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Sentinel Digital DeskBy : Sentinel Digital Desk

  |  25 Dec 2016 12:00 AM GMT

Father Joseph Mohr sat at the old church organ. His fingers stretched over the keys, then pressed down. Nothing. He tried again. Silence echoed through the church.

The organ had been wheezing and growing quieter for months, its pipes rusted, the bellows mildewed. Father Joseph had been hoping it would hold together until the organ builder arrived to repair it in the spring. But now, on December 23, 1818, the organ had filly given out. St. Nicholas Church would have no music for Christmas.

It had been a year since Father Joseph had taken over as assistant pastor of the church in Oberndorf, a village near Salzburg in the Austrian Alps. A travelling group of actors had presented a Christmas drama at a private home in the village. Their performance had put him in a contemplative mood.

Stepping away from the organ, Father Joseph pulled on his overcoat and stepped out into the night. Moonlight sparkled off the ice-crusted trees and housetops in the village. Scrunching through the snowy streets, he was soon climbing a path leading up the mountain.

From high above Oberndorf, Father Joseph watched the Salzach river weave past St. Nicholas Church. Reveling in the majestic silence of that wintry night, he gazed down at the glowing Christmas-card like scene. As he looked out over the Austrian Alps, the pastor saw the stars shining above in the still and silent night.

Silent night? Father Joseph started. Of course! He had written a poem a couple of years before, when he had first become a priest, and had given it that very title, ‘Silent Night’. The poem was about the night when angels announced the birth of the long-awaited Messiah to shepherds on a hillside in Bethlehem.

The next morning, Father Joseph set out on another walk, carrying his poem this time. He was off to see his friend Franz Xaver Gruber, the organist for St. Nicholas Church, who lived in the next village.

Gruber was surprised to see the pastor away from church on Christmas Eve. Father Joseph handed him the poem. In a few hours, Gruber came up with a melody which could be sung with a guitar. It no longer mattered to them now that the church organ was on the blink.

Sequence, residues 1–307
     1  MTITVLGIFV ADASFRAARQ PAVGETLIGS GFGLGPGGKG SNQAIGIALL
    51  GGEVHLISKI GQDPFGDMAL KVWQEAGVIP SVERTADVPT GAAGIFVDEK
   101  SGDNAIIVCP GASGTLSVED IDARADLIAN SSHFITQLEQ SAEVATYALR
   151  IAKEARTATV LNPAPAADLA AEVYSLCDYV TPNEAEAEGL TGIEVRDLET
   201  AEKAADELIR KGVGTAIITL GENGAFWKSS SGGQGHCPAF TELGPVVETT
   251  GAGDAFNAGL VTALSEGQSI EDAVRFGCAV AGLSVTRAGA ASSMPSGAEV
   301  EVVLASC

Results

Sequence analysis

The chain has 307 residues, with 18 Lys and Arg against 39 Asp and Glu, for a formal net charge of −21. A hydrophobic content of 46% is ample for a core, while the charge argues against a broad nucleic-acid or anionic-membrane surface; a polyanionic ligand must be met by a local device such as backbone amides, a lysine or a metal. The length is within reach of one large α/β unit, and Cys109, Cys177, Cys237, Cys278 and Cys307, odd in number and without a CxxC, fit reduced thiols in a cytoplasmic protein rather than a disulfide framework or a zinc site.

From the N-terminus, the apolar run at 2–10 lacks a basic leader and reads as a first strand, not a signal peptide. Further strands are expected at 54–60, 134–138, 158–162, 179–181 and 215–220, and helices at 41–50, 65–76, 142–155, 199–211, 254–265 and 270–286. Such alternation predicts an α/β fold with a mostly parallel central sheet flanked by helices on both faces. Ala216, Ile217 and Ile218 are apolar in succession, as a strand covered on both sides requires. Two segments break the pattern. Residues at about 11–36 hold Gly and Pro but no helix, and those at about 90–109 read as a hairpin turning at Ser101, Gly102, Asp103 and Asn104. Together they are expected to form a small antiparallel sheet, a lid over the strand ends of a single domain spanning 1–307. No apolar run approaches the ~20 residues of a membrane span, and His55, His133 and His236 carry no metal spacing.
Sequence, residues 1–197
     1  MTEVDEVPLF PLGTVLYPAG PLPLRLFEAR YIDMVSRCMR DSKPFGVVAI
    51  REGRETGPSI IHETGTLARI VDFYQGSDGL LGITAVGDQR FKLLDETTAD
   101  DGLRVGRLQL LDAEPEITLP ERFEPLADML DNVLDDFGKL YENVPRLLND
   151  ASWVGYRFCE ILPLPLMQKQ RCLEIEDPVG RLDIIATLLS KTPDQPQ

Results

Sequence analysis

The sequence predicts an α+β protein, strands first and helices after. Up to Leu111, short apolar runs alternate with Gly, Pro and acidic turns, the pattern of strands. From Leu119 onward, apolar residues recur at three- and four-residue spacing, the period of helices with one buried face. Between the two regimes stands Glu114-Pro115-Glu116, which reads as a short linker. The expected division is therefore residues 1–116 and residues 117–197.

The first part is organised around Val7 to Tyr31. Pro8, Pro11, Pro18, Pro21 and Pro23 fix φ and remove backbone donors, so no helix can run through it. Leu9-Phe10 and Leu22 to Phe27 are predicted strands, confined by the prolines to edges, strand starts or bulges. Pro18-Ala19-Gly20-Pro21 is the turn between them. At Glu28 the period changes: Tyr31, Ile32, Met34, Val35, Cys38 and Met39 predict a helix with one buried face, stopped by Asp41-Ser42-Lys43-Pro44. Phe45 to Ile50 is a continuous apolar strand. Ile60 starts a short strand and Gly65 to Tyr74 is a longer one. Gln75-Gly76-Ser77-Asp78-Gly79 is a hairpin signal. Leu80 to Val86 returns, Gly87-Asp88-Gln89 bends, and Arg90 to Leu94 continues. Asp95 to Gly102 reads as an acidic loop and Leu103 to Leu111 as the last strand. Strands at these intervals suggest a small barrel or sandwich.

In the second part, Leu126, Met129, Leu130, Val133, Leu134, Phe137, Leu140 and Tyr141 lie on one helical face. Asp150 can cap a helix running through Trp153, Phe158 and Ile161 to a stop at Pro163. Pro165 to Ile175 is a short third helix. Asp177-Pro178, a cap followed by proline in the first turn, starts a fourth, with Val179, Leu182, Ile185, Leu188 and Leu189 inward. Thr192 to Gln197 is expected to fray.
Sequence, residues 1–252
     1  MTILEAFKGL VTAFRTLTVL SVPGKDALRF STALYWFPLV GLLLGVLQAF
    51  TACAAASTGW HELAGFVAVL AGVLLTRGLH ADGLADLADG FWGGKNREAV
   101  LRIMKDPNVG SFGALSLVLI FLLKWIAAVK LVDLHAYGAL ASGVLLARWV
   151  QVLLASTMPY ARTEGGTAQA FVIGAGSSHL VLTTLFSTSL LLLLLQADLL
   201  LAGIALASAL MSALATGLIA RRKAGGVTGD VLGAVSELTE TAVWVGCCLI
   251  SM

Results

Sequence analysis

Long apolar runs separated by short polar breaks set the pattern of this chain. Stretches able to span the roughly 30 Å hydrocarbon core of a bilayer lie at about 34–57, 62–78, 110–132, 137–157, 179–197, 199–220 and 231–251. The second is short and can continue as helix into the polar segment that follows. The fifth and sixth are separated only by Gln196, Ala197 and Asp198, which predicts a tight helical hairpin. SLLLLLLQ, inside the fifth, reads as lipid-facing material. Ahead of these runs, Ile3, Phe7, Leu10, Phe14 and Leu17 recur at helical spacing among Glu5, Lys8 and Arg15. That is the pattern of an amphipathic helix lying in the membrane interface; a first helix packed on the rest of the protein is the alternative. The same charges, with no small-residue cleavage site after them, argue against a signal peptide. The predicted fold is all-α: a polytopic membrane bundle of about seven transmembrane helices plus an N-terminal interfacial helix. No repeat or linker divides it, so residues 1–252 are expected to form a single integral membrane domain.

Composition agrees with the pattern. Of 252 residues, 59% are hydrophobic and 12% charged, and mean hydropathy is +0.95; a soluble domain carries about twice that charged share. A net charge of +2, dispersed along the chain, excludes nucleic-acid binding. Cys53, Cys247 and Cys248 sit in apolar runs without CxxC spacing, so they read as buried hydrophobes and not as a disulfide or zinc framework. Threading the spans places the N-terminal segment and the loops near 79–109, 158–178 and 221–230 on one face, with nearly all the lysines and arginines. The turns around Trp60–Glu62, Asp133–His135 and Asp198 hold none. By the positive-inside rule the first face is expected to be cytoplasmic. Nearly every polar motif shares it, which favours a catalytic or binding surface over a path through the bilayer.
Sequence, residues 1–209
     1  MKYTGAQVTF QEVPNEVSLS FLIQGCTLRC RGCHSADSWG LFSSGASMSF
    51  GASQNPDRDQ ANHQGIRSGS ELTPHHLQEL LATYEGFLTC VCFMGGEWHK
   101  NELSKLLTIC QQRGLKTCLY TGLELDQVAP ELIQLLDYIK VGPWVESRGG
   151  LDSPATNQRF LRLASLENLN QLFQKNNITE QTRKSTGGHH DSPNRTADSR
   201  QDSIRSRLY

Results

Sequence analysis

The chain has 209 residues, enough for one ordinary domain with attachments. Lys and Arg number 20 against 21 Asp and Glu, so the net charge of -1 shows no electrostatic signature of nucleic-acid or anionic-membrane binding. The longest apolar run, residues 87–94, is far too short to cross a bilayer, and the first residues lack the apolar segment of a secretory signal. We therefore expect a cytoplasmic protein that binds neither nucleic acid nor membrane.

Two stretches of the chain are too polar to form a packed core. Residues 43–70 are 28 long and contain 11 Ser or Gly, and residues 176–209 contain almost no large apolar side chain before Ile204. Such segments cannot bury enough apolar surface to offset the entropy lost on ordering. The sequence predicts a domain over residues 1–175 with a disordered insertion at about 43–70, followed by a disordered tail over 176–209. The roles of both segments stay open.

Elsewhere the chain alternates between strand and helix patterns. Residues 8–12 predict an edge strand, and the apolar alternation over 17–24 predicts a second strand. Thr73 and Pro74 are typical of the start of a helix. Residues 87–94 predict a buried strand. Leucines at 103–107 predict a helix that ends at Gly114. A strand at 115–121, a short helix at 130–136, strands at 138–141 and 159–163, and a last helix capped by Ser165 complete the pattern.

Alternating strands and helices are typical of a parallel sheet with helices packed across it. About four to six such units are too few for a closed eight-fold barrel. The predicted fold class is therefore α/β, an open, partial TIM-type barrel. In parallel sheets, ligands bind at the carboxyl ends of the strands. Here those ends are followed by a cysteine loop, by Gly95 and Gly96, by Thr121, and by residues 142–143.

That Christmas Eve, the little Oberndorf congregation heard the duo sing their new composition to the accompaniment of Gruber’s guitar. Their puzzlement soon gave way to a deep rapture, as Gruber’s melody matched the simplicity and honesty of Father Joseph’s words.

When the last notes faded into the night, the congregation remained still for a moment, then broke into applause. The new Christmas carol was a hit!

A few weeks later, well-known organ builder Karl Mauracher arrived in Oberndorf to fix the church organ. After he finished, he stepped back to let Gruber test the instrument. Gruber sat down, his fingers playing the simple melody he had written for Father Joseph’s Christmas poem.

Enchanted, Mauracher took copies of the music and lyrics of ‘Silent Night’ back to his village. There, he gave the song to two families of traveling singers — the Rainers and the Strassers. Both families performed it as part of their Christmas season repertoire in concerts all over Europe.

Before long, ‘Silent Night’ spread through the globe. The simple song first played in a mountain church in Austria on Christmas Eve nearly two centuries ago, is now the world’s most famous Christmas carol.

Silent night, holy night,

All is calm, all is bright

Round yon virgin mother and child.

Holy infant, so tender and mild,

Sleep in heavenly peace,

Sleep in heavenly peace.

Silent night, holy night,

Shepherds quake at the sight;

Glories stream from heaven afar,

Heavenly hosts sing Alleluia!

Christ the Savior is born,

Christ the Savior is born!

Silent night, holy night,

Son of God, love’s pure light;

Radiant beams from thy holy face

With the dawn of redeeming grace,

Jesus, Lord, at thy birth,

Jesus, Lord, at thy birth.

— the harbinger

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